The presidential race will go on for months, but both parties' front-runners leaped closer Tuesday to becoming nominees. Neither Donald Trump nor Hillary Clinton won every state up for grabs, but they won most of them, and in doing so extended advantages they already had in delegates and momentum.
Trump was projected to win at least seven states; his nearest competitor, Texas Sen. Ted Cruz, won three. Trump's swath of victories now extends from Nevada across the Deep South and up into New England.
Clinton was projected to win at least seven states, including the biggest; her challenger, Vermont Sen. Bernie Sanders, was projected to win four, one of them his home state. Clinton commands the map from Nevada through Texas and all across the South and up to Massachusetts.
Similar as their sweeping victories have been, Trump and Clinton represent diametrically opposing verdicts by each party's voters.
Trump has harnessed and maintained support from an angry GOP electorate, cleaving a party that has rumbled with discontent for years after successive presidential losses. His sweeping victories over opposition from much of the party's nominal leaders have been both an extension and an exaggeration of the tea party vs. establishment feuds that have colored Republican fights since 2010.
Clinton, by contrast, is well on the way toward unifying her party, regaining a firm hand after scares in Iowa and New Hampshire and effectively blunting the internal Democratic war driven by its voters' move to the left during President Obama's tenure. Her success is driven by the increasing diversity of her party, which allowed Latinos to push her to victory in Texas and black voters to buttress her across the South.
Formally winning the nominations is not as simple as pivoting toward the general election; the other participants are not ready to lay down their weapons.
Sanders insisted that he would fight Clinton until the party's July convention and has the money to do so.
But he has been hamstrung by his inability to cut in any significant way into Clinton's support among minority, women and older voters. He also has been limited by Democrats' continued loyalty to Obama, whom Clinton has wrapped in a bear hug throughout the campaign.
Despite the increasingly liberal leanings of the party's voters, more than 4 in 5 Democrats in Virginia's exit polls, to take just one example, wanted the next president to continue Obama's programs, and they went overwhelmingly for Clinton.
With Sanders unable to broaden his base, Clinton has moved to usurp his language, to the point where her typical speech echoes his. That has had the effect of stitching together the party's liberal and moderate factions, to Clinton's benefit.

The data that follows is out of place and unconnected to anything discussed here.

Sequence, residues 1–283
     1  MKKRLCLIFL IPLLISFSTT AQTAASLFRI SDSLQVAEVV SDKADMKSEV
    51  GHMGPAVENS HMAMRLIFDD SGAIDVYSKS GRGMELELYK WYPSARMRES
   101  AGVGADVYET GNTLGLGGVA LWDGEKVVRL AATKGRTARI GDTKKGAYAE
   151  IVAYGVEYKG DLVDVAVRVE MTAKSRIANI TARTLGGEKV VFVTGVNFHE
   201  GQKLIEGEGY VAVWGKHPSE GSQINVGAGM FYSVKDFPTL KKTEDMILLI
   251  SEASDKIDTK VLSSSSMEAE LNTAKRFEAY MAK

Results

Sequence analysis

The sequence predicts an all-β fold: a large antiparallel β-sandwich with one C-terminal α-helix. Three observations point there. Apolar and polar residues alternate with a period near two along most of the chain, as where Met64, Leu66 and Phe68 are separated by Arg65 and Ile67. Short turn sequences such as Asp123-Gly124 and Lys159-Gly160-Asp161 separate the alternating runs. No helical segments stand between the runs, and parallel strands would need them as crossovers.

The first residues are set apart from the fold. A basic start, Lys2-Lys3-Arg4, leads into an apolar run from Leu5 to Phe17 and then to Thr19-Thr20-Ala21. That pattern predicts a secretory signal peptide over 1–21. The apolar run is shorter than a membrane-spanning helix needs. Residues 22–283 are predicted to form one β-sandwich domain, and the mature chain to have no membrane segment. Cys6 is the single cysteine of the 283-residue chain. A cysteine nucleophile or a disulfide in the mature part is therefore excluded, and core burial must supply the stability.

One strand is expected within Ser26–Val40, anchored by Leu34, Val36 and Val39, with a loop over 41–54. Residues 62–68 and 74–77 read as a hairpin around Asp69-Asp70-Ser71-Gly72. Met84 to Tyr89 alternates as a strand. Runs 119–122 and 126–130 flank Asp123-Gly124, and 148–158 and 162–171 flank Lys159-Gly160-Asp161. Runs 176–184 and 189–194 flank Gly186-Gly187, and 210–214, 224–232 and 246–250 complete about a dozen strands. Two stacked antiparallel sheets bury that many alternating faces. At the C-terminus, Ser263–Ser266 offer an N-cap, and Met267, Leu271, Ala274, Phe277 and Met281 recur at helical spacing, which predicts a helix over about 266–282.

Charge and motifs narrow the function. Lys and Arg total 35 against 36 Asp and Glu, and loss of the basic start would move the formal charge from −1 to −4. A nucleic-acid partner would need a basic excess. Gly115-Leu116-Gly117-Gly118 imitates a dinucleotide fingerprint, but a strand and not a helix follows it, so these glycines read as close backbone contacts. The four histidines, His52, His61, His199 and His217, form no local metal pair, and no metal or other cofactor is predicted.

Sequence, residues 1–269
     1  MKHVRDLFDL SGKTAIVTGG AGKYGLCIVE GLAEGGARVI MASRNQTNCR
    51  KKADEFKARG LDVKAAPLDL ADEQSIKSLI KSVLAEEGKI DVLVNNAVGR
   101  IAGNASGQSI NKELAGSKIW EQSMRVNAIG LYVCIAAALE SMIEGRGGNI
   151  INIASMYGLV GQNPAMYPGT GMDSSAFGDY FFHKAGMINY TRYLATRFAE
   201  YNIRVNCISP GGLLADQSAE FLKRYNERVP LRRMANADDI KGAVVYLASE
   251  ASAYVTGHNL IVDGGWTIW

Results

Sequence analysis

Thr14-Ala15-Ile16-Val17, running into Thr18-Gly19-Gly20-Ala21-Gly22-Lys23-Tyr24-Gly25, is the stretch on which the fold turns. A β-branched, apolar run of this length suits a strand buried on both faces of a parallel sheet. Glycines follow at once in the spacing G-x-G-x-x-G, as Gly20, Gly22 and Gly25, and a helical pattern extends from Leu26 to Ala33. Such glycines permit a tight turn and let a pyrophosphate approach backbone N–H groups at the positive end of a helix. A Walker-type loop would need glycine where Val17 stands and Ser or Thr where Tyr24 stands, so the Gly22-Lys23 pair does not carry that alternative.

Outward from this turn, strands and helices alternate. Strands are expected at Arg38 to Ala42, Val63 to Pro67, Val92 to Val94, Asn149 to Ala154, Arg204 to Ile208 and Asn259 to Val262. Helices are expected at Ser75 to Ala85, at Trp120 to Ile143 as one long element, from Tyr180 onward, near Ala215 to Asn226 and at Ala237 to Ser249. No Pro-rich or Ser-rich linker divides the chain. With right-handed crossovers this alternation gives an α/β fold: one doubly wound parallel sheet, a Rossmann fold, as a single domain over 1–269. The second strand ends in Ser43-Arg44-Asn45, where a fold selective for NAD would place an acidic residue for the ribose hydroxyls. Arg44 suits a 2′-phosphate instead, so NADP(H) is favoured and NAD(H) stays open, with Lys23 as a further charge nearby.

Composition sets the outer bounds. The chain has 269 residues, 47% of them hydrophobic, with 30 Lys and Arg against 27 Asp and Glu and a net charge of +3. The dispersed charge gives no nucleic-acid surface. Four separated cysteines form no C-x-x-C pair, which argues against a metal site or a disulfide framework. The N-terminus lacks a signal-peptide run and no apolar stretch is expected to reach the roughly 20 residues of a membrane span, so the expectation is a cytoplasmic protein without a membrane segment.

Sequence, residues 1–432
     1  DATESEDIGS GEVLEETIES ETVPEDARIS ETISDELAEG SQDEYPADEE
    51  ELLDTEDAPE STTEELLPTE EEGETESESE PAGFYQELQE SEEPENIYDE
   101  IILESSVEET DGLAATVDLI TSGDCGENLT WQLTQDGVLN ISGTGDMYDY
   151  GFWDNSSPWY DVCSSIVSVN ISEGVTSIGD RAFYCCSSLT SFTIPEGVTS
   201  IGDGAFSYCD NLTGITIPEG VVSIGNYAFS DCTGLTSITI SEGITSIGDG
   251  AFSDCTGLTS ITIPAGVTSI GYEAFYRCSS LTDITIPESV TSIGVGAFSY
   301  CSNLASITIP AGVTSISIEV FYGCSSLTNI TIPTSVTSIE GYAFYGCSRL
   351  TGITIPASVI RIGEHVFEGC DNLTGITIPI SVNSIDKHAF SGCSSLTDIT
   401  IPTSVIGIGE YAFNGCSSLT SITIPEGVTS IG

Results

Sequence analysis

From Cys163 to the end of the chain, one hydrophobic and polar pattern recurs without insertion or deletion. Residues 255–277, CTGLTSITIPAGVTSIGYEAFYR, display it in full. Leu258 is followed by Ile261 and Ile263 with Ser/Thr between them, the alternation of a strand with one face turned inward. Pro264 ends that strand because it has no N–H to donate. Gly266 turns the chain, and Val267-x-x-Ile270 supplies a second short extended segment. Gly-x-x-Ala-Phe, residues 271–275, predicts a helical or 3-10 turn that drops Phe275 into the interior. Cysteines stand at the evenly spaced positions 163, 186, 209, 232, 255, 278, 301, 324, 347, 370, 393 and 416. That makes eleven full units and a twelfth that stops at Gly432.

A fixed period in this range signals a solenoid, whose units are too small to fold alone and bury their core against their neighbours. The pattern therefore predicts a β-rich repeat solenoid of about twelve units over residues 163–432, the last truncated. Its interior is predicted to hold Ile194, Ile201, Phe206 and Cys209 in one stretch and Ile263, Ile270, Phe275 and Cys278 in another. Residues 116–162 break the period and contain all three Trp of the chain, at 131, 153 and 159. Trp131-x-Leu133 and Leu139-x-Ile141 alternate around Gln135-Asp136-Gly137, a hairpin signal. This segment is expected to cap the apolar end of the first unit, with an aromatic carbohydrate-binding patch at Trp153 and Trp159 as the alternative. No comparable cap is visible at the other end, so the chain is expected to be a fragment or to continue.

Trump, in the meantime, has been able to exploit the grievous splits in the Republican Party. GOP leaders have tried to coalesce around Florida Sen. Marco Rubio, who was projected to win one state Tuesday. But his ascendancy would require the departure of Cruz, who had no reason to quit given his wins in his home state and Oklahoma. Ohio Gov. John Kasich has pledged not to leave pending a round of Midwestern primaries later this month.
The breadth of Trump's wins so far — and the momentum they give him as the race moves forward — is startling. On Tuesday, he was declared the victor as the polls closed in Tennessee, Alabama, Georgia and Massachusetts, states with wildly different Republican voters. In 2012, those four states were split among three candidates.
In Virginia, a key general election state where Trump defeated Rubio, exit polls showed Trump winning handily among conservative voters and earning about a quarter of moderates. He was the favorite among Republicans who feel betrayed by their party — a sentiment that has infused his outsider campaign — but also among voters who did not feel betrayed. He won a quarter of voters who favor legal status for immigrants in the country illegally — a stance that he vehemently opposes.
Clinton spent no time on Tuesday criticizing Sanders. Trump couldn't resist snapping at Rubio, his main critic in the last two weeks, but even that sortie was limited. Instead, Clinton and Trump laid into each other about their competing visions of America. It was a preview of what the odds suggest will be a long and scorching general election ahead.
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